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Long Term Impacts of Vouchers for Vocational Training: Experimental Evidence for Colombia

Listed author(s):
  • Orazio Attanasio
  • Arlen Guarín
  • Carlos Medina
  • Costas Meghir

We use experimental data of a training program in 2005 in Colombia. We find that even up to ten years ahead, the JeA program had a positive and significant effect on the probability to work in the formal sector. Applicants in the treatment group also contributed more months to social security during the analyzed period, and to work for a large firm. Earnings of treated applicants were 11.8% higher in the whole sample, and they made larger contributions to social security. In addition, we also present non parametric bounds that for some percentiles of the sample of women, there are positive and nearly significant effects of the program. Thus, the effects of the program would have been capitalized both in increases in the likelihood of being formal, and increases in productivity. We also present evidence that the estimated program effects on the likelihood of working for the formal sector, the likelihood of working for a large firm, and the earnings in the formal sector, are not an artifact of analyzing multiple outcomes. We also find that for the whole sample of applicants, those in the treatment group have 0.315 more years of education, and have a probability of graduating from high school 10 percent higher than the control group. We find no significant effect on the probability of attending college or any school program, nor on fertility decisions, marital status or some dimensions of assortative mating. Among applicants matching to the census of the poorest population, we find that beneficiaries are more likely to participate in the labor market, to be employed, and to be enrolled in a private health insurance at the time of the survey. Finally, we find that the benefits of the JeA program are higher than it costs, leading to an internal rate of return of at least 22.1 percent. On the whole, the program was a cost-effective alternative, worth to consider to bridging the transit of youths from the informal to the formal sector in the future.

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Paper provided by National Bureau of Economic Research, Inc in its series NBER Working Papers with number 21390.

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Date of creation: Jul 2015
Handle: RePEc:nbr:nberwo:21390
Note: DEV ED EFG
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  1. Joseph P. Romano & Michael Wolf, 2005. "Stepwise Multiple Testing as Formalized Data Snooping," Econometrica, Econometric Society, vol. 73(4), pages 1237-1282, 07.
  2. Peter Z. Schochet & Sheena McConnell & John Burghardt, "undated". "National Job Corps Study: Findings Using Administrative Earnings Records Data," Mathematica Policy Research Reports 9da2c5a07ad046419448e94e1, Mathematica Policy Research.
  3. Pablo Ibarraran & Laura Ripani & Bibiana Taboada & Juan Villa & Brigida Garcia, 2014. "Life skills, employability and training for disadvantaged youth: Evidence from a randomized evaluation design," IZA Journal of Labor & Development, Springer;Forschungsinstitut zur Zukunft der Arbeit GmbH (IZA), vol. 3(1), pages 1-24, December.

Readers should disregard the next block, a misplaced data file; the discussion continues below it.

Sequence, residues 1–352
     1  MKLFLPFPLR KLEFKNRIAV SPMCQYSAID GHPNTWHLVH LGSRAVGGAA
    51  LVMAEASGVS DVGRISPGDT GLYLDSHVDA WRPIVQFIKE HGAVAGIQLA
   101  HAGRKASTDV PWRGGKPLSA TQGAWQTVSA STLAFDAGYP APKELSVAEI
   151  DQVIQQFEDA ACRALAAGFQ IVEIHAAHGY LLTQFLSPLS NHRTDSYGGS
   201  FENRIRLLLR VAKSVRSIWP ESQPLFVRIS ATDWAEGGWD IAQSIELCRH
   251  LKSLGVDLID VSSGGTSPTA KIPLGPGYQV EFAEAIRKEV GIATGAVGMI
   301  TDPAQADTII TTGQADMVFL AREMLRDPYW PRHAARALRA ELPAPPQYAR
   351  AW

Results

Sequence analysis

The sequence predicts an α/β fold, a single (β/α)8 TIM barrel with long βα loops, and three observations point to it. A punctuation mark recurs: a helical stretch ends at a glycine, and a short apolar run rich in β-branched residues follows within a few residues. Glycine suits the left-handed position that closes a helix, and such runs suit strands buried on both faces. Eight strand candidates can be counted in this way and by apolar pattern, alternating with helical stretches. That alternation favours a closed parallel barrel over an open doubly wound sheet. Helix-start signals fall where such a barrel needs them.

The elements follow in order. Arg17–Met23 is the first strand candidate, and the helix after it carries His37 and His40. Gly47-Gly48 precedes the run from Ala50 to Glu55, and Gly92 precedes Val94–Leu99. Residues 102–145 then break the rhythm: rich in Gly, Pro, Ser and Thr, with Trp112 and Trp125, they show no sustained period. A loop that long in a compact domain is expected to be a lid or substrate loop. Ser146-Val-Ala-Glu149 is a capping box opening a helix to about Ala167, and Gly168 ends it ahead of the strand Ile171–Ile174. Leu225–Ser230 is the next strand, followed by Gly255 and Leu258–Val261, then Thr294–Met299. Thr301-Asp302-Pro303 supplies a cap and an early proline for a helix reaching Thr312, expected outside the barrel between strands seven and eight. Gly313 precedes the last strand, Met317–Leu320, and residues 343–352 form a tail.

4. Jorge Andrés Tamayo & Jairo Núñez & Carlos Medina, 2013. "The Unemployment Subsidy Program in Colombia: An Assessment," IDB Publications (Working Papers) 82158, Inter-American Development Bank.
  5. Grönqvist, Hans & Hall, Caroline, 2013. "Education policy and early fertility: Lessons from an expansion of upper secondary schooling," Economics of Education Review, Elsevier, vol. 37(C), pages 13-33.
  6. Hugo López Castaño, 2010. "EL MERCADO LABORAL COLOMBIANO: Tendencias de largo plazo y sugerencias de política," Borradores de Economia 606, Banco de la Republica de Colombia.
  7. Chicoine, Luke, 2012. "Education and Fertility: Evidence from a Policy Change in Kenya," IZA Discussion Papers 6778, Institute for the Study of Labor (IZA).
  8. Joshua Angrist & Eric Bettinger & Michael Kremer, 2006. "Long-Term Educational Consequences of Secondary School Vouchers: Evidence from Administrative Records in Colombia," American Economic Review, American Economic Association, vol. 96(3), pages 847-862, June.
  9. David S. Lee, 2009. "Training, Wages, and Sample Selection: Estimating Sharp Bounds on Treatment Effects," Review of Economic Studies, Oxford University Press, vol. 76(3), pages 1071-1102.
  10. Orazio Attanasio & Adriana Kugler & Costas Meghir, 2011. "Subsidizing Vocational Training for Disadvantaged Youth in Colombia: Evidence from a Randomized Trial," American Economic Journal: Applied Economics, American Economic Association, vol. 3(3), pages 188-220, July.
  11. Romano, Joseph P. & Shaikh, Azeem M. & Wolf, Michael, 2008. "Formalized Data Snooping Based On Generalized Error Rates," Econometric Theory, Cambridge University Press, vol. 24(02), pages 404-447, April.
  12. Lucia Breierova & Esther Duflo, 2003. "The Impact of Education on Fertility and Child Mortality: Do Fathers Really Matter Less Than Mothers?," OECD Development Centre Working Papers 217, OECD Publishing.
  13. Couch, Kenneth A, 1992. "New Evidence on the Long-Term Effects of Employment Training Programs," Journal of Labor Economics, University of Chicago Press, vol. 10(4), pages 380-388, October.
  14. Martha Bottia & Lina Cardona-Sosa & Carlos Medina, 2012. "El SISBEN como mecanismo de focalización individual del régimen subsidiado en salud en Colombia: ventajas y limitaciones," REVISTA DE ECONOMÍA DEL ROSARIO, UNIVERSIDAD DEL ROSARIO, December.
  15. repec:mpr:mprres:3604 is not listed on IDEAS
  16. Mizuki Komura, 2013. "Fertility and endogenous gender bargaining power," Journal of Population Economics, Springer;European Society for Population Economics, vol. 26(3), pages 943-961, July.
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